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One More Bite, Hon?

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Recently, an article titled “Cohabitation is Bad for Women’s Health” immediately caught my eye. It was one of The New York Times Trends of the Year. Uh-oh. Living with men puts pressure on women to consume more unhealthy foods. Evidently, now I’m also living in (ee-gad!) nutritional sin!


Another preachy article warning me that something I do is wrong! Plus, it quotes a study that only focuses on straight unmarried people. What about gay couples? Unmarried couples with kids?


Unfortunately, when I did an informal survey of my friends, almost all agreed with the results of the study, in terms of their own lives.


Here were a few responses:


“I gained almost fifteen pounds in the first five years I lived with my boyfriend. You start to throw caution to wind more, like, ‘Sure I’ll have more wine’ or ‘Yes, I’ll have some ice cream.’”


One gay male friend said, “[Moving in] totally has an effect on gay couples. My eating habits are out the door. We eat out way too much and I don’t get the fruit/veggie intake that I used to.”


Another friend said she “adapted to my boyfriend’s eating schedule, and ate heavier meals late at night as a result.”


As much as the study bothered me, the fact is, I don’t eat quite as well as I used to, I’ve gained weight since moving in with my partner, and don’t exercise as much as before we lived apart. My family simply calls the added weight “love pounds,” but that is only part of it. I am quite happy, but why don’t I listen to my inner self that sometimes says, “Hmm. You probably shouldn’t eat the kind of portion that he is eating. You’re a smaller person.”


Why don’t we eat as healthfully in coupledom as we do in singledom? Is it all men’s fault? The more I examined my own relationship, the more I realized it was not.


Since I’ve known my partner, I have changed jobs twice, moved, and generally had a lot going on in my life. I haven’t always dealt with the stress too well. Sweets are sometimes an outlet, when it should be exercise.


He’s been more than generous as a soul mate. Since he often does feed me, I take a lot of pleasure in that. He never pushes me to eat crap. It’s true we sometimes make different choices about food. He may want more red meat or cheese in his diet than I’m accustomed to, but he’s not pressuring me to eat what he eats. Like most women, I just want everyone to get along. And now that I am part of a couple, I find myself comfortable eating what he eats. Is that so bad? Yes and no.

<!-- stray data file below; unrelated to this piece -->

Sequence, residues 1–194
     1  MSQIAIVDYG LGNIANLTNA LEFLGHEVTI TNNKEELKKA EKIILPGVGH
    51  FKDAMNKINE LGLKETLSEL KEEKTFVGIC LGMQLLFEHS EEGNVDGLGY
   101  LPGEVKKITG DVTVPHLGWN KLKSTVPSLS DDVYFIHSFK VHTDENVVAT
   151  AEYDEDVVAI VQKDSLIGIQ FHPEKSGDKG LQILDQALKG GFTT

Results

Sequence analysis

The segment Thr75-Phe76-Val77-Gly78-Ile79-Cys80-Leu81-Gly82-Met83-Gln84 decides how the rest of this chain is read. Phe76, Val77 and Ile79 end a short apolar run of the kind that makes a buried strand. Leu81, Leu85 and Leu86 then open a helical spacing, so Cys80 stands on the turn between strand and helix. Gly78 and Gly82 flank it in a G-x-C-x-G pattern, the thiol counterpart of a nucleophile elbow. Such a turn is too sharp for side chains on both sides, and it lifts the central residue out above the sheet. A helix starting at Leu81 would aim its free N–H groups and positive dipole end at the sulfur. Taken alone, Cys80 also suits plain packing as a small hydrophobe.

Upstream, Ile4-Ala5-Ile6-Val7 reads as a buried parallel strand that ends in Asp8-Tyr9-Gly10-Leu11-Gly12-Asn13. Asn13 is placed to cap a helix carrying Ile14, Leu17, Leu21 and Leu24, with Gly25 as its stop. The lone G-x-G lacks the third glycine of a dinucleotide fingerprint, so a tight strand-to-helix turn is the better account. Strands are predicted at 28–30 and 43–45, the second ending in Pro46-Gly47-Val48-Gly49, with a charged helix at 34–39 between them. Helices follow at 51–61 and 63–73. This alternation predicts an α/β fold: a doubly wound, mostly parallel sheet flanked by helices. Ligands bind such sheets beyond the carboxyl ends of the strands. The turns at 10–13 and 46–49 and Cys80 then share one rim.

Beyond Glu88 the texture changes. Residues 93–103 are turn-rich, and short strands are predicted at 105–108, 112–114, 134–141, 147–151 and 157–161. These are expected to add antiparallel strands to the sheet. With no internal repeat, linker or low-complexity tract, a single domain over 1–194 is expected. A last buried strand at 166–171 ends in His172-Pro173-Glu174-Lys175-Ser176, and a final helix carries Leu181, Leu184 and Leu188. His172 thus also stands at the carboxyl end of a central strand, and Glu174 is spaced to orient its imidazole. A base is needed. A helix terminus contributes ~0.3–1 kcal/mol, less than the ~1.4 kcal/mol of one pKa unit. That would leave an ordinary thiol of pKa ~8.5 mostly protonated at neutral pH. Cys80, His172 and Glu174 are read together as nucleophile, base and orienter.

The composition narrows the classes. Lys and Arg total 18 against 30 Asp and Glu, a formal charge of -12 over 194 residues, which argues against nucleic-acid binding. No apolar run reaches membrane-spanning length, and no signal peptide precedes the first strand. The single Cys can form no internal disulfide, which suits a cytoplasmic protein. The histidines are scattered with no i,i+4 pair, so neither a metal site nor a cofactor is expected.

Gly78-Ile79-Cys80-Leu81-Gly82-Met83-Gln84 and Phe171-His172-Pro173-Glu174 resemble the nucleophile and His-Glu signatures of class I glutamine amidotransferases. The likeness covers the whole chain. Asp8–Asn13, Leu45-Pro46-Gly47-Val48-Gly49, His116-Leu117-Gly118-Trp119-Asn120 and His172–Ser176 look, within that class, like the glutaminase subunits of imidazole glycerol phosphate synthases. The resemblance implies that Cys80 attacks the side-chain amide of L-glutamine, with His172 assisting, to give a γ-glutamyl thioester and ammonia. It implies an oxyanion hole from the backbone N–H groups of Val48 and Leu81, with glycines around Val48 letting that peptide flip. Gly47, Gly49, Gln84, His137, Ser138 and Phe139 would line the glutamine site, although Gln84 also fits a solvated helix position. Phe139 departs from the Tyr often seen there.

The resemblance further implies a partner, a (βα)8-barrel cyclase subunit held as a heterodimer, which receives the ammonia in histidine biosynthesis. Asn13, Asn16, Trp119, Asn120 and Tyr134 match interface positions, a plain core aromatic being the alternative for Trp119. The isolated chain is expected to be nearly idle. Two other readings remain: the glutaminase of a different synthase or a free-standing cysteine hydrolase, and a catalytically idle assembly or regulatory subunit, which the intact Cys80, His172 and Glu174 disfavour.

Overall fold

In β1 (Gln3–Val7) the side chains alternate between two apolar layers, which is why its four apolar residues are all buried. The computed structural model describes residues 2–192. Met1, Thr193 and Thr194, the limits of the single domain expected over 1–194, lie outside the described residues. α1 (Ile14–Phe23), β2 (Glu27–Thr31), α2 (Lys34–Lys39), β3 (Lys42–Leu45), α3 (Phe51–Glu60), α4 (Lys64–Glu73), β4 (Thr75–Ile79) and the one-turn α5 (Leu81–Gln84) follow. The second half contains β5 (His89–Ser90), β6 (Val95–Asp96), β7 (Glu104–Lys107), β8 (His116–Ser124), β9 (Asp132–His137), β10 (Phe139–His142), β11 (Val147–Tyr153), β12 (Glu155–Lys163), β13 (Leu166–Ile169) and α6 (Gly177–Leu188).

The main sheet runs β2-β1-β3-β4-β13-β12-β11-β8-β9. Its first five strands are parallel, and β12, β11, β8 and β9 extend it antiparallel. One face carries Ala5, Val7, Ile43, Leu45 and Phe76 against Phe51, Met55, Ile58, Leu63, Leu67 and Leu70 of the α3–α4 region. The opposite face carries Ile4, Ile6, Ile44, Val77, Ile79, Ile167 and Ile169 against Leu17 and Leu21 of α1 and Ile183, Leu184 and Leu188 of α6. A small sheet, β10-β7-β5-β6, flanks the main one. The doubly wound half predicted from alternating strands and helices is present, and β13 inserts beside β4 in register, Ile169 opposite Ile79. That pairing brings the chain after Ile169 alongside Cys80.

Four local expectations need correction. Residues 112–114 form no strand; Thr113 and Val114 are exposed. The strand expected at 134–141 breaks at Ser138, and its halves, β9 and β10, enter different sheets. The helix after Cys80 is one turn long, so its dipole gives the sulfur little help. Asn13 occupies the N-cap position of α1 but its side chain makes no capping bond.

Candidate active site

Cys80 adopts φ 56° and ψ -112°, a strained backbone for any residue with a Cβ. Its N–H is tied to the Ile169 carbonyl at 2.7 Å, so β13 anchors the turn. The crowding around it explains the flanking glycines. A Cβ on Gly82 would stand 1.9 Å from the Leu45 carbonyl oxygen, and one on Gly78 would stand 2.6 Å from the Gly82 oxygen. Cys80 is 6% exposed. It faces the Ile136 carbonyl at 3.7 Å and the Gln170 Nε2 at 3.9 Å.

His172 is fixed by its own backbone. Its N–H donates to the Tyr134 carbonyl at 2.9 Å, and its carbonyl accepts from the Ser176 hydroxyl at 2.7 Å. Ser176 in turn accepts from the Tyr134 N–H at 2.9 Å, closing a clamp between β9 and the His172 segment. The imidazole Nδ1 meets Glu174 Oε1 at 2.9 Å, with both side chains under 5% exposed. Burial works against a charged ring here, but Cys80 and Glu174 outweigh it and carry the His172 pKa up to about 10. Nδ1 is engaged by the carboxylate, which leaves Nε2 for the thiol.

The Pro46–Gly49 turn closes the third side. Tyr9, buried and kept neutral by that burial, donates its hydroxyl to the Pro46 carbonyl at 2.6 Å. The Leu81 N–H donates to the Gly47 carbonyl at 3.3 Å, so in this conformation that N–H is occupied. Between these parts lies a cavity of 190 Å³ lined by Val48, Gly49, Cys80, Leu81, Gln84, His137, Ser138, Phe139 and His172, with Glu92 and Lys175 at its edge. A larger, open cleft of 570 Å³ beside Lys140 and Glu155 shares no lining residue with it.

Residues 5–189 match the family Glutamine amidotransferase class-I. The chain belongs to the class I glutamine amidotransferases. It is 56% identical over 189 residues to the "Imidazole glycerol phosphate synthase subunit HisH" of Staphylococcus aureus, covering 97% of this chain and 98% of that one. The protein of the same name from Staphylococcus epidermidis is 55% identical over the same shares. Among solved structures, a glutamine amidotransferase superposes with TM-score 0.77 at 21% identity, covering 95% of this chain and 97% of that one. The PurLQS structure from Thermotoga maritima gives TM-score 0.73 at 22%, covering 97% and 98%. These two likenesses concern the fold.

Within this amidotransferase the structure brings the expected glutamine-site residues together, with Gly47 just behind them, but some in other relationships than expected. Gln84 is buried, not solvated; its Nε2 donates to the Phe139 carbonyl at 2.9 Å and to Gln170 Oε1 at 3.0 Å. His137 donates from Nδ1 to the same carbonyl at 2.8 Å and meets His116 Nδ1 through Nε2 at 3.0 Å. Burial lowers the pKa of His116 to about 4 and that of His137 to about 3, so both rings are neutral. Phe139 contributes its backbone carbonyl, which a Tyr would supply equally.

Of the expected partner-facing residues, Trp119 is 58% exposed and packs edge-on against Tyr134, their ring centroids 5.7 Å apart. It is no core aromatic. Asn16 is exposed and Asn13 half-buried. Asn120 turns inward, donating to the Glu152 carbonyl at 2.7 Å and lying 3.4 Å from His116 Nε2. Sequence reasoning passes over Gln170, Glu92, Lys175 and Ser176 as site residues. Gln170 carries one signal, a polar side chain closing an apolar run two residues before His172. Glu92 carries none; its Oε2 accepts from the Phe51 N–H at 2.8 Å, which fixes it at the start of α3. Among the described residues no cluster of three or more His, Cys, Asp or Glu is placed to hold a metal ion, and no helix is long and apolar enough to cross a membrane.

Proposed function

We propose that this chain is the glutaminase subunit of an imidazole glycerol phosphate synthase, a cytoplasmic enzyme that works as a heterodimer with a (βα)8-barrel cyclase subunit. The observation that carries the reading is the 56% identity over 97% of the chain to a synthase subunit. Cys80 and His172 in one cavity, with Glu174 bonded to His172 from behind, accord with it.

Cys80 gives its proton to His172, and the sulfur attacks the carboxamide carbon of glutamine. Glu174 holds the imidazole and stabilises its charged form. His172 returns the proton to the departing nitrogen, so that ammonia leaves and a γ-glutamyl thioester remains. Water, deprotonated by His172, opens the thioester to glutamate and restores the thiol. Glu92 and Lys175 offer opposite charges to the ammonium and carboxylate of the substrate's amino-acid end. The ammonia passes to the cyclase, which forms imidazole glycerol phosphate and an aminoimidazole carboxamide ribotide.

For example, we are bound by our love of bacon. As much as I sometimes limit our intake of bacon, I adore it as much as he does. He has encouraged me—and I’ve allowed myself—to find my inner meat lover.


We both cook, but when he cooks for me, I’m relieved not to be doing it myself, especially after a hard day’s work. So, I’m just not willing to say, “Hey honey, there’s not enough green on my plate!” Likewise, when I cook, I don’t want him telling me what to put on his plate.


It’s true, we both shop together, but I am more apt to put “greens” on the list. I might ask him to grab the broccoli or Swiss chard off the supermarket shelf. I will stock vegetables in the fridge—so he can include them in the meal (and he does). The duty to eat “nutritionally sound” often lies with me. (I count to see if at least some of the four food groups are covered. Too much yellow? Oh, better add some green.) He eats quite healthfully, but is less conscious of extra calories, how much oil to use, adding sufficient fiber in our diets, and the importance of portion size than I am.


Also, eating with my partner is a joyful, fun experience that often includes having that second glass of wine, extra piece of cheese, or bite of chocolate. Ultimately, are our partners responsible for our eating habits? Or as individuals do we need to take control ourselves? Or is there room in the middle?


Coupledom brings this sense that you’re able to let some things slide a little (unfortunately nutrition being one). And some of us just don’t protest. We join in. We do what makes us comfortable—and, for some, what we think will make everyone around us comfortable. We go with the flow. In the words of my sister, “Hell, I’m just grateful when someone else makes me dinner!”


Personally, I cannot be one of those women who “do it all”—even if I tried. After a long day, eating the right foods becomes another task. Given how hectic life can be, we sometimes turn to “meat and potatoes” meals or take-out—bound to be less healthful. My partner and I are both aware of it and we’re trying to break those bad habits together by planning meals at the beginning of the week and stocking the fridge with healthy food options.


Perhaps it’s as much about our health as our approach to relationships—and coping with a hectic lifestyle. As my life changes, my health changes, too. I can’t always control how we eat and what we put on our table, any more than my partner. And I don’t want to tell my partner what not to eat. I read somewhere that trying to change the person you’re with is a recipe for disaster.


But we can influence our partners, just as they tend to influence us. Saying “no” to his offer of—and, to be fair, my own need for—that extra spoonful of ice cream is an ongoing challenge. We are working at it. But please, no more studies, okay?

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